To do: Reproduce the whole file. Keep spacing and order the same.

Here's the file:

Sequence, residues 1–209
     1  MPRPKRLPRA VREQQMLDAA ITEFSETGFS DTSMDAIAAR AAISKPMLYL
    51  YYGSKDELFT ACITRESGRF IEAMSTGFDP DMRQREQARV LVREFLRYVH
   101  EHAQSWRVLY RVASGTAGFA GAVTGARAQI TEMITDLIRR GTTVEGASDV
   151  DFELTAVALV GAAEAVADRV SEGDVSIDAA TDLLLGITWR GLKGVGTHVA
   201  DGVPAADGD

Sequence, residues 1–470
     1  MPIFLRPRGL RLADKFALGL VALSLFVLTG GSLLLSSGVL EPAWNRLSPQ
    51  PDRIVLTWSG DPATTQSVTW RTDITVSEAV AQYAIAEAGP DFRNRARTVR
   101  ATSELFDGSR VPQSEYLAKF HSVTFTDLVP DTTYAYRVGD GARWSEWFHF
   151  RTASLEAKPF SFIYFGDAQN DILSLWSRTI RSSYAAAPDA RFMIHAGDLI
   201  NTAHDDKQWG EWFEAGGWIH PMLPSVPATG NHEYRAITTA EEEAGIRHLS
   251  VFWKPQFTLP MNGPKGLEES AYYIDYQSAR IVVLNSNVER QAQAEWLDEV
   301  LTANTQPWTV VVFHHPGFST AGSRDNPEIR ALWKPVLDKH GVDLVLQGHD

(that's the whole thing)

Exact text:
Sequence, residues 1–209
     1  MPRPKRLPRA VREQQMLDAA ITEFSETGFS DTSMDAIAAR AAISKPMLYL
    51  YYGSKDELFT ACITRESGRF IEAMSTGFDP DMRQREQARV LVREFLRYVH
   101  EHAQSWRVLY RVASGTAGFA GAVTGARAQI TEMITDLIRR GTTVEGASDV
   151  DFELTAVALV GAAEAVADRV SEGDVSIDAA TDLLLGITWR GLKGVGTHVA
   201  DGVPAADGD

Sequence, residues 1–470
     1  MPIFLRPRGL RLADKFALGL VALSLFVLTG GSLLLSSGVL EPAWNRLSPQ
    51  PDRIVLTWSG DPATTQSVTW RTDITVSEAV AQYAIAEAGP DFRNRARTVR
   101  ATSELFDGSR VPQSEYLAKF HSVTFTDLVP DTTYAYRVGD GARWSEWFHF
   151  RTASLEAKPF SFIYFGDAQN DILSLWSRTI RSSYAAAPDA RFMIHAGDLI
   201  NTAHDDKQWG EWFEAGGWIH PMLPSVPATG NHEYRAITTA EEEAGIRHLS
   251  VFWKPQFTLP MNGPKGLEES AYYIDYQSAR IVVLNSNVER QAQAEWLDEV
   301  LTANTQPWTV VVFHHPGFST AGSRDNPEIR ALWKPVLDKH GVDLVLQGHD